Toolkit for Working with Rural Volunteers

"A one-of-a-kind toolkit needed by rural organizations to build sustainable volunteer management infrastructure."

The OSM/VISTA Teams completed a pioneering three-year research project on rural volunteerism throughout Appalachia and the Rocky Mountain West with funding from the Environmental Protection Agency’s Office of Wetlands, Oceans, and Watersheds. After engaging in place-based research in 34 rural communities, we created the Toolkit for Working with Rural Volunteers to share approaches to volunteer recruitment, management and retention that are successful in rural settings. It also contains one-of-a-kind tools needed by rural organizations to build sustainable volunteer management infrastructure.


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Case Study #6: Support from Community Service Volunteers

Based on the work of
Lackawanna River Corridor Association
Northeast Pennsylvania
Lackawanna River Corridor Association (LRCA) has worked with the local magistrate and county probation office for over eight years to recruit community service volunteers. These volunteers have performed activities ranging from database management and graphic design to electrical work and office landscaping. LRCA performs an upfront screening interview that is critical before assigning tasks. It has benefited from the various skills of these volunteers.

Tested by
Coal Creek Watershed Coalition
Western Colorado
Coal Creek Watershed Coalition (CCWC) wanted to work with community service volunteers to fill crucial needs in remediation work: the watering of re-vegetated slopes and maintaining other Best Management Practices (BMPs) to reduce erosion along Coal Creek. CCWC hopes that the BMPs will enable the stormwater collection and distribution system along Kebler Pass Road to more effectively filter and deliver water to Coal Creek. Various BMP measures extend across an eight-mile stretch of the watershed. Maintaining and continuing this work requires volunteer help beyond CCWC’s current capacity and is crucial to the success of this remediation work. While LRCA found office skills such as bookkeeping and graphic design helpful to them, CCWC worked mostly with volunteers on targeted field work projects.

CCWC first secured status as a participating non-profit organization in Gunnison County’s Alternative Services program. CCWC had a specific project to recruit volunteers for the summer, in addition to volunteer opportunities that arose in day-to-day work. At LRCA’s advice, CCWC set up a process of finding and screening volunteers to gauge how comfortable and experienced volunteers were with outdoor work, which involved coming up with a new set of questions and practicing close observation in the field rather than in an office. CCWC began working with community service volunteers to install erosion-reducing Best Management Practices (BMPs) along Kebler Pass Road. Installing BMPs requires large teams of people in order to be successful. The community service volunteers they worked with became instrumental in helping staff and contractors reach an appropriate number of participants. The community service volunteers were also helpful in teaching new participants how to install the BMPs.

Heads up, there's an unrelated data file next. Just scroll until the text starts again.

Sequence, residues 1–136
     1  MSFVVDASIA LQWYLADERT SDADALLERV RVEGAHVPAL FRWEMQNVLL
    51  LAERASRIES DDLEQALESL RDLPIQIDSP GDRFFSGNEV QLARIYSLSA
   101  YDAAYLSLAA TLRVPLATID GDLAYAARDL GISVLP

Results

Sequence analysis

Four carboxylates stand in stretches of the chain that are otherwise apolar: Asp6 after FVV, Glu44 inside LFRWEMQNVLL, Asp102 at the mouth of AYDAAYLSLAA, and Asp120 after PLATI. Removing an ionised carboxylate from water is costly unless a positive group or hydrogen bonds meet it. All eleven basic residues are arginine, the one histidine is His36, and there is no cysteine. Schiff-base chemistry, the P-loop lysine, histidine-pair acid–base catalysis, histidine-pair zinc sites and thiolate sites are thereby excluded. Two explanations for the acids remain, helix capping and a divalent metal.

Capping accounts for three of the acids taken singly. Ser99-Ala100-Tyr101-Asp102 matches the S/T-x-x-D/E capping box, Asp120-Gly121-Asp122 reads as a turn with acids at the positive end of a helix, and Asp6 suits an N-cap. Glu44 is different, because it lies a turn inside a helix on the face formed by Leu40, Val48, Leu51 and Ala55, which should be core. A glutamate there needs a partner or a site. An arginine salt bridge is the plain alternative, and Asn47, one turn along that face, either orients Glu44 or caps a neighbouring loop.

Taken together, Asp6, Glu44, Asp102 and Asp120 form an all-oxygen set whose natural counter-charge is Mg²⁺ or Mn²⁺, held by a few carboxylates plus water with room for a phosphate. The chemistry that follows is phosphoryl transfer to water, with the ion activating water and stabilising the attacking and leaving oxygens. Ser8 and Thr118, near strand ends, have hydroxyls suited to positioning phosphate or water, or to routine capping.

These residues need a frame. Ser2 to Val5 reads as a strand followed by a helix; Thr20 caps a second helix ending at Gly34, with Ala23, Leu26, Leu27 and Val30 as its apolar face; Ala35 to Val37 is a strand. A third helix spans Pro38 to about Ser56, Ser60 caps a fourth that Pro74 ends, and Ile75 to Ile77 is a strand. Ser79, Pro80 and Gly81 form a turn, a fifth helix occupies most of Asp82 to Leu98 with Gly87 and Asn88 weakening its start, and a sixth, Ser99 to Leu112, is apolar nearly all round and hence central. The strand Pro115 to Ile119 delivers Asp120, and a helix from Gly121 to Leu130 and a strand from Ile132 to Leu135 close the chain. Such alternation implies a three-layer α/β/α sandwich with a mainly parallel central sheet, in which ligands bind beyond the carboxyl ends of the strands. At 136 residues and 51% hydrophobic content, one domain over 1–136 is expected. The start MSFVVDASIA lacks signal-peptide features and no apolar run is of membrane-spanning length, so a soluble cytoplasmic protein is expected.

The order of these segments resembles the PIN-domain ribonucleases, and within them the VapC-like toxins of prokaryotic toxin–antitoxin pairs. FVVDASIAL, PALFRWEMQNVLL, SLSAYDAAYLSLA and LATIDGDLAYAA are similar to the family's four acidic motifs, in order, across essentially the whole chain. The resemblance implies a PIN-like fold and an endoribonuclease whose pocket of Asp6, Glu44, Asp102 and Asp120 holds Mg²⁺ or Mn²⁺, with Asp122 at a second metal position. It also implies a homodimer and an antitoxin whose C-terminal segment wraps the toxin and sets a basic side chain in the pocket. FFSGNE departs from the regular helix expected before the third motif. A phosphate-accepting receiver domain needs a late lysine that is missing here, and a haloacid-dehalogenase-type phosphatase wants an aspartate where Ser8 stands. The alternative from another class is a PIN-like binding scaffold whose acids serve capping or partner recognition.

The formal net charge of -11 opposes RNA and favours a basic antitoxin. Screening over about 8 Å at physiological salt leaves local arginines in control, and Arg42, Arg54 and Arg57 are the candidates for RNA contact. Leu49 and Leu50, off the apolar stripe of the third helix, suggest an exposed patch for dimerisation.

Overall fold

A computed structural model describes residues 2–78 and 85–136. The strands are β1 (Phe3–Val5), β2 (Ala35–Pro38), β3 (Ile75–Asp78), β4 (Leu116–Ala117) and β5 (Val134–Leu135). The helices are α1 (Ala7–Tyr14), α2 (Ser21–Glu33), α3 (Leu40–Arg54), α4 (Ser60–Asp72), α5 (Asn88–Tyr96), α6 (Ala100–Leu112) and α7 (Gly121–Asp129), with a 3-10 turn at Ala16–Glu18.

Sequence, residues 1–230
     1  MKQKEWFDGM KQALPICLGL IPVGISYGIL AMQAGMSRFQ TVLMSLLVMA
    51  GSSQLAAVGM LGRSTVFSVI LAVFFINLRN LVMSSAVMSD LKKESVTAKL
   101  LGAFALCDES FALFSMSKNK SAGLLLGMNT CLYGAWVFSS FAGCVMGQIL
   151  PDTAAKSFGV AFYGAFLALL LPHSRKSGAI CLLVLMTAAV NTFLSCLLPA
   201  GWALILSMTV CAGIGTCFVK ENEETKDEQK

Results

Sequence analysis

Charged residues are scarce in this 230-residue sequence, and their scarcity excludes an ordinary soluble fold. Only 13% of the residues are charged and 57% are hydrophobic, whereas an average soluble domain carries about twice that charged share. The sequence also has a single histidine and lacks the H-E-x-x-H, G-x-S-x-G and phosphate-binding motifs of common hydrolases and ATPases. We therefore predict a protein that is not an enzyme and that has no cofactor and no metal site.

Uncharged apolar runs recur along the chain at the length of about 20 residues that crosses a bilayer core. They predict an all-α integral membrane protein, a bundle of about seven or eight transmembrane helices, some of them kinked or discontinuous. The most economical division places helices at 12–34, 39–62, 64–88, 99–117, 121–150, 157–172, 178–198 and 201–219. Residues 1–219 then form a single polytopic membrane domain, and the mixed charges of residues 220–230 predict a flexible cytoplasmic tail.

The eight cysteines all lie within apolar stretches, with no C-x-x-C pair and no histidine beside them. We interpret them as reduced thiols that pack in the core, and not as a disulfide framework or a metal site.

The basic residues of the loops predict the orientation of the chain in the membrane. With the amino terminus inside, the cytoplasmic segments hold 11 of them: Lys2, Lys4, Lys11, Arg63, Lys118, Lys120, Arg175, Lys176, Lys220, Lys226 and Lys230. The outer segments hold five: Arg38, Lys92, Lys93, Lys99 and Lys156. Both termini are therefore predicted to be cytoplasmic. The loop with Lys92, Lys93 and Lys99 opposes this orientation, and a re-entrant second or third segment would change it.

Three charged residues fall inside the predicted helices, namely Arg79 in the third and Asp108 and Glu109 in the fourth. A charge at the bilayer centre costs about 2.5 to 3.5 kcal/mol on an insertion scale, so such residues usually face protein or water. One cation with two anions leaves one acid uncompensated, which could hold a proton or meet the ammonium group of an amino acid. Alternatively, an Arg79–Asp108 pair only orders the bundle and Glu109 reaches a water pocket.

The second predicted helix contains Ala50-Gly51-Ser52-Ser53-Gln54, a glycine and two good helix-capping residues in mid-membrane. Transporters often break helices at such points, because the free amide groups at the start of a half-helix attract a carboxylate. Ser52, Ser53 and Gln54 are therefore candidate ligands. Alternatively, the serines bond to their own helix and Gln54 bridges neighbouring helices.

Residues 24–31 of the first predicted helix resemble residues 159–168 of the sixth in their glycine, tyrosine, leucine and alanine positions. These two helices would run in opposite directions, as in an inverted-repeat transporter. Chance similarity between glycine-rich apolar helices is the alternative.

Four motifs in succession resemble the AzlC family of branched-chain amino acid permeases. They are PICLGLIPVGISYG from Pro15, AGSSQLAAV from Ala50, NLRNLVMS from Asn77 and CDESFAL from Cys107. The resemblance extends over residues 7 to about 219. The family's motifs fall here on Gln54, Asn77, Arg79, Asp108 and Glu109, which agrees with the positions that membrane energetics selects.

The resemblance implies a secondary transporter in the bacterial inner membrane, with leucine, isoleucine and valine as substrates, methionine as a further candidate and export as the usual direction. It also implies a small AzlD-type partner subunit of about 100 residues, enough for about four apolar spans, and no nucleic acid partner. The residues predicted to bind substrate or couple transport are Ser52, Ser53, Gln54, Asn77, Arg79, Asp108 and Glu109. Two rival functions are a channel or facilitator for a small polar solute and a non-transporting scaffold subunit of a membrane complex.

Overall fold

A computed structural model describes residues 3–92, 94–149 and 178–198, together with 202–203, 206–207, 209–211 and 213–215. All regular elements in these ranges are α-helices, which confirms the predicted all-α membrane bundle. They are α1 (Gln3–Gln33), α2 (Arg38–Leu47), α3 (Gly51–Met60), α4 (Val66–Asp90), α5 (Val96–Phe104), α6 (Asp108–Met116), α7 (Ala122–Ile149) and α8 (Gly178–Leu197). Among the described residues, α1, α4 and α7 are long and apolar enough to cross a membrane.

“While we have long had a relationship with Gunnison County, based on our work along its roads, implementing this trial practice has helped us develop relationships with new departments of the County, who we worked with in applying for and in managing the community service volunteers. The trial practice has also helped us establish relationships with volunteers who represent facets of the community we have not worked with in the past, and with Restorative Justice, a local non-profit organization that helped us begin the process of applying for a spot in the County’s community service volunteer sites.”

“Having a variety of different types of tasks— from large group work to individual projects that can be done at any time—would probably make implementing the trial practice easiest.”
– Coal Creek Watershed Coalition